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The Rules of Work

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Blog entry by Alan posted 11-23-2014 03:30 AM 1216 reads 0 times favorited 2 comments Add to Favorites Watch

This is just a list of rules that I have either come across or thought of for myself that I need to keep in mind at all times when (trying to) do fine woodworking. This list is mostly for my own reference, and in no way to be considered exhaustive, but rather to be added to and updated as I continue to learn. If you fine folks reading it have suggestions to add, or strongly disagree with something I have on here, feel free to leave a comment! I’m here to learn.

1. Keep grain orientation in mind at all times. When you’re laying out parts, when you’re marking out, when you’re planing, etc. This includes making sure your cross-grain orientations are reversed when gluing up panels for tabletops, benchtops, etc.

2. Corollary to #1, especially pay close attention to grain orientation when planing. If you’re not sure what direction the grain is running, take a light test shaving, and be prepared to turn the workpiece or plane from the opposite direction.

3. Secure workholding is essential. If your workpiece is sliding around, you can’t do good work on it, and you may have a safety issue as well. Put it in a vice, clamp it between dogs, secure it with a batten, hell, nail or screw it down if you have to, but get that sucker attached to your bench so it’s like they’re one solid, immovable piece.

4. Plan your order of operations in advance, in order to ensure maximum efficiency, reduce the possibility of critical errors the further along you go, and to forestall cosmetic damage once you’re in the sanding and finishing stages.
1. Get out all your tools. You’re going to end up using them all anyway, so you might as well get them all out now. This was my dad’s first rule for doing any project, and, to my mother’s considerable chagrin, I have found it to be universally true. I do try, however, not to follow his example in “never putting anything away.” I have found that doesn’t work so good.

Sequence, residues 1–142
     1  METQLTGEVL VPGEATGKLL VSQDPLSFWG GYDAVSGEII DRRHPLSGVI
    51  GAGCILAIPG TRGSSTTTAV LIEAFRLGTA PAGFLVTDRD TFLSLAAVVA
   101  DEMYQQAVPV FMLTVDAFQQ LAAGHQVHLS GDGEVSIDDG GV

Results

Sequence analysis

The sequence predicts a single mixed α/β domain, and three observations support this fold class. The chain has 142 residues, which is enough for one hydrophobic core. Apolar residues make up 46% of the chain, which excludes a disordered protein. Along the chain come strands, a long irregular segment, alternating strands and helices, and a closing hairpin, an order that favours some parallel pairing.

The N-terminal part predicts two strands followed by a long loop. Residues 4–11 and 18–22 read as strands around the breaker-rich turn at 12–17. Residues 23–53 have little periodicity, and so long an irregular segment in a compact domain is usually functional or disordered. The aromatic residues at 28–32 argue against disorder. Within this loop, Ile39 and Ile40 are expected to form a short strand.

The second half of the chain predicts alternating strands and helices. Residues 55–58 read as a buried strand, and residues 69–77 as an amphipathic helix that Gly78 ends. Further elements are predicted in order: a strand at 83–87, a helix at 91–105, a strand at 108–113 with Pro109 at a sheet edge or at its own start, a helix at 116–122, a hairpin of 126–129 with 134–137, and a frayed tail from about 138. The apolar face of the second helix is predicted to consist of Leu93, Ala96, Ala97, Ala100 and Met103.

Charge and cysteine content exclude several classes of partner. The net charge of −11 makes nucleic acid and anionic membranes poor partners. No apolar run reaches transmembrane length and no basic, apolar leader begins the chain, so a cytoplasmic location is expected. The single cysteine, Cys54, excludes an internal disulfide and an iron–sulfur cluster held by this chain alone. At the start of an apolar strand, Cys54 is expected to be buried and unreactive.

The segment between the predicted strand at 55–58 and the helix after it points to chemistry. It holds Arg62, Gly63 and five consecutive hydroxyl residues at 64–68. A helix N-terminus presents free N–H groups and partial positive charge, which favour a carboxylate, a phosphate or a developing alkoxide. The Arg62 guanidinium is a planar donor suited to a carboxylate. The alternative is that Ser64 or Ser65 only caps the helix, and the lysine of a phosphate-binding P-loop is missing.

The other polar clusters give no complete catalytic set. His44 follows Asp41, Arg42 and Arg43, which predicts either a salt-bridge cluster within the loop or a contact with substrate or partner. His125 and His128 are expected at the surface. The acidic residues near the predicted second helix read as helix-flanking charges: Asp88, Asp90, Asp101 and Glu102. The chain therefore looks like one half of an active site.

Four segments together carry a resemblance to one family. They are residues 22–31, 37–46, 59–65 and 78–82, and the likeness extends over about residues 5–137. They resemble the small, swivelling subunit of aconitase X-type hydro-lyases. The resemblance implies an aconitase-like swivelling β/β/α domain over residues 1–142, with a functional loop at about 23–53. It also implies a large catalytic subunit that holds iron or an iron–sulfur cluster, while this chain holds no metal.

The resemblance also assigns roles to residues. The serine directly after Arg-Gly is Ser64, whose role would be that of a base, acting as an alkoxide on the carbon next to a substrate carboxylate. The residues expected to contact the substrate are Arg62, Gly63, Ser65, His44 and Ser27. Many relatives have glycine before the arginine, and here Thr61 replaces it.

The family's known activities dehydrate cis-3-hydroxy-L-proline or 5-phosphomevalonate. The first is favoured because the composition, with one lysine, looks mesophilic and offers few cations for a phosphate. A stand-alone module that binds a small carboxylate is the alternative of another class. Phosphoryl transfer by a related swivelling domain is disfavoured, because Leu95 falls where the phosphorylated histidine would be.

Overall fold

2. Do your layout for all pieces, keeping grain appearance, direction and orientation in the final piece in mind.
3. Perform all gross dimensioning operations – ripping, thicknessing, cutting to length.
4. Plane all pieces straight, smooth and square. They don’t need to be smooth enough to finish, but get them essentially flat and square.
5. Glue up any sub-assemblies that need to be glued, such as panels, tabletops, etc.
6. Do your marking out for such pieces as you can, keeping in mind that quality woodworking often means doing direct measurement or gang-cutting of parts. Begin with the most critically dimensioned pieces first, and work your way to the least critical.
7. Cut your joints – mortises, tenons, rabbets, laps, tongue and grooves, dovetails, grooves for panels, etc.
8. Do a test assembly.
9. Perform any decorative operations – beading, reeding, making moldings, carving, etc. If you screw a piece up, easier to replace it before you’ve glued up the workpiece.
10. Do any final smoothing and/or sanding.
11. Stain, if staining.
12. Test assemble, then glue up.
13. Finish
14. Install hardware, if applicable.

5. Perform operations on the back side of workpieces first, then flip them over and work on the front. That way, if there’s some sawdust or a stray nailhead, grit, stain, whatever on your work surface, it’ll mark the back of your work instead of the face. Better to keep your work surface scrupulously clean, of course, but Murphy never sleeps.

-- I have no idea what I'm doing.



2 comments so far

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Alan

27 posts in 765 days


#1 posted 11-23-2014 03:38 AM

Courtesy of Rance, in this thread: http://lumberjocks.com/topics/18132, this seems like a good addition:

“If you don’t have to match any grain, then begin with your longest required piece and try to get it from the shortest board you can. Contrast that with the error if you were to start preparing for your shortest pieces and you cut them from you only one long board. You could be in trouble quickly. Don’t ask me how I learned this one. :)”

-- I have no idea what I'm doing.

View Alan's profile

Alan

27 posts in 765 days


#2 posted 11-23-2014 05:50 AM

When laying out dovetails, or deciding which should be tails and pin boards, keep the forces to which the joint will be subjected in mind. The bottom board of a vertical carcase, such as a bookcase or wall-hanging tool cabinet, may be holding a substantial load against the pull of gravity, so it makes sense to put the tails on the vertical sides and pins on the bottom board. The top board carries essentially no load, but making it the tail board may help the sides resist warping. On the other hand, if your dovetails are going to be visible through-dovetails, vertical sides with tails at the bottom and pins at the top may look a little odd!

-- I have no idea what I'm doing.

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